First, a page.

BY SYLVESTER ODION AKHAINE
In the liberal context, Nigeria has just recorded a one turnover in terms of an incumbent party handing over power to another. This constitutes a change of sorts, but not substantial because elements of the same ruling clique had only shuffled themselves in the last electoral exercise. Change involves not a modification of existing reality but its transformation. It is the central lesson of dialectics. As Friedrich Engels rightly expounds in his Dialectic of Nature, dialectics is the science of universal interconnection and of the development of nature and human society. Indeed, they are the general laws of the development of nature and human society summated into three key components, namely, the law of transformation of quantity into quality and vice versa; the law of interpenetration of opposites; and the law of negation of the negation.
It is important to look back at where we were before the 2015 general election. Historians say, a retrospection is imperative for an appropriate prediction of the future and remediation of present contradictions. the north eastern tip of the country was taken over by lethal insurgents activities of non-state actors known as Boko Haram; widespread corruption by public officials resulted in massive capital flight; human rights violation underlined by extra-judicial killings by security forces and political thugs of the power elites preponderated; comatose refineries and a crippling fuel scarcity climaxed in a national protest in 2012; rising unemployment was the order; poor electricity supply a rule; a depreciated naira; dependent economy, consumerist orientation, low productivity and massive impoverishment of our people characterised the economy.
The question is: what has changed since May 29? Your answer is as good as mine. The same old wine in the same old bottle, apologies to Prof. Issa Shivji. A cabinet that is solely dictated by political expediency is in place; the value of the naira is dipping with no end in sight; fuel queues are back; Boko haram insurgents are free-riding; the legislators are fighting for juicy committees; macro-indicators for the economy are not looking good. Activities at the stock exchange are increasingly bearish. According to BloombergBusiness, “When Muhammadu Buhari clinched victory in Nigeria’s presidential elections in March, stocks soared as investors looked to the former military ruler to reverse decades of economic mismanagement and policy inertia. Now hopes have fizzled in his ability to turn around Africa’s largest economy and oil producer”. Those who wish to diversify the economy have no clue; innocent citizens are at the mercy of security forces. Only recently, a certain Daniel Owie was manhandled and subsequently shot in the leg and dumped in a police cell by soldiers in mufti for daring to ask for traffic order in Benin; hopelessness such that breeds insurgents hangs on the horizon. Workers face a bleak future with threats of undermining the minimum wage of N18000, itself a slave stipend.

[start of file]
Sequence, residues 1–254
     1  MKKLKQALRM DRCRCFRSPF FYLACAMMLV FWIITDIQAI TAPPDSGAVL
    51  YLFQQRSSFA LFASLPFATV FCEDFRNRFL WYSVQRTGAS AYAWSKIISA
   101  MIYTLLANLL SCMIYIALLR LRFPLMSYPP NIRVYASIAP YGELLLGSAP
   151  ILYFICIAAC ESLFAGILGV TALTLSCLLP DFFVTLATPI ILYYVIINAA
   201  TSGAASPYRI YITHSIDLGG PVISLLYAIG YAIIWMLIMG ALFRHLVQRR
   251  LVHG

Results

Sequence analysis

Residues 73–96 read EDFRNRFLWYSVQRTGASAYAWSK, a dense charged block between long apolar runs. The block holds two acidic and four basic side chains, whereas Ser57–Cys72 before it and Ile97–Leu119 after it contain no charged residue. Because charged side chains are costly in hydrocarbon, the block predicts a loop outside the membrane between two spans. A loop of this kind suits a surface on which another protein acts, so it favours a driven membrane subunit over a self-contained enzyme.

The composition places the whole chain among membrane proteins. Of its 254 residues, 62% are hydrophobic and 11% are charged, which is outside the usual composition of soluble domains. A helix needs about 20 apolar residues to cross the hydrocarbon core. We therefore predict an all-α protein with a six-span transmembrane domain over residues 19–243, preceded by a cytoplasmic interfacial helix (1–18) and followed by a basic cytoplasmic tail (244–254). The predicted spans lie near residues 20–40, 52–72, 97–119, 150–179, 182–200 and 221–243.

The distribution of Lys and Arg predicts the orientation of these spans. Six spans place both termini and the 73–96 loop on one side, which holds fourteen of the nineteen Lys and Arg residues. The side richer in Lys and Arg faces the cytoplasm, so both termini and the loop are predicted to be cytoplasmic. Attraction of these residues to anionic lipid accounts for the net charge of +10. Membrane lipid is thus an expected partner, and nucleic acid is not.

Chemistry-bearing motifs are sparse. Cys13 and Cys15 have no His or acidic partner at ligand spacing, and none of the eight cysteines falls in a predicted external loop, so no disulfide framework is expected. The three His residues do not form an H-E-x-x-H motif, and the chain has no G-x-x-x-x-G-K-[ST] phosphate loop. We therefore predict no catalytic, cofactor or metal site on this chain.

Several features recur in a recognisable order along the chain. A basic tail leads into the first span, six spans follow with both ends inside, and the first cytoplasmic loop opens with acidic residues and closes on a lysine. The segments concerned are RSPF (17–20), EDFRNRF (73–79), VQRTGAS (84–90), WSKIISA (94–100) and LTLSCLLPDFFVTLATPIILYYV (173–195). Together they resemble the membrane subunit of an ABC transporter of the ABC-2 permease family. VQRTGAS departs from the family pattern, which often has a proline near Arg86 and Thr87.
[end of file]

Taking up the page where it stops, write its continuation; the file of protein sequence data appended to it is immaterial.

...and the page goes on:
On the balance sheet, nothing has changed. The government must be ready to commit class suicide and root with the masses of people many of whom marched from Kano to Lagos and Lagos to Abuja to celebrate ‘change’. The change that will be meaningful will entail the negation of the old order. There has to be structural transformation of the structure of state and of government. It will involve strategic infrastructural development; it will involve a re-articulation of a development ideology and the mentoring of a new elite that will help unleash the productive capacity of Nigerians. A few insights. Re-federalise the units of the Nigerian state for self-determination that entails fiscal autonomy; downsize the legislative chambers to one (Senegal did under incumbent President Macky Sall); complete the east-west coastal road that would enable Nigerian commuters travel from the East to Lagos in about two hours; complete the Lagos-Ibadan Expressway; revamp the Lagos Kano railway; develop massive silos as produce banks to mop the peasants produce alongside mechanised farming; please add a massive ideological orientation programme to crown these efforts and steer the population in the desired direction. Truly, an elite that cannot be committed to and engaged with these problems has no claim on power. Our guest lecturer will elucidate on aspects of the structure of government and President Buhari could perhaps learn one or two things from his expose. Ladies and gentlemen, charity will never come from abroad; our destiny is in our hands.
Text of welcome address by Dr Sylvester Odion Akhaine, Chairman, Board of Trustees at the 13th Annual Democracy Lecture of the Centre for Constitutionalism and Demilitarisation held at the Right House, Lagos, December 5, 2015.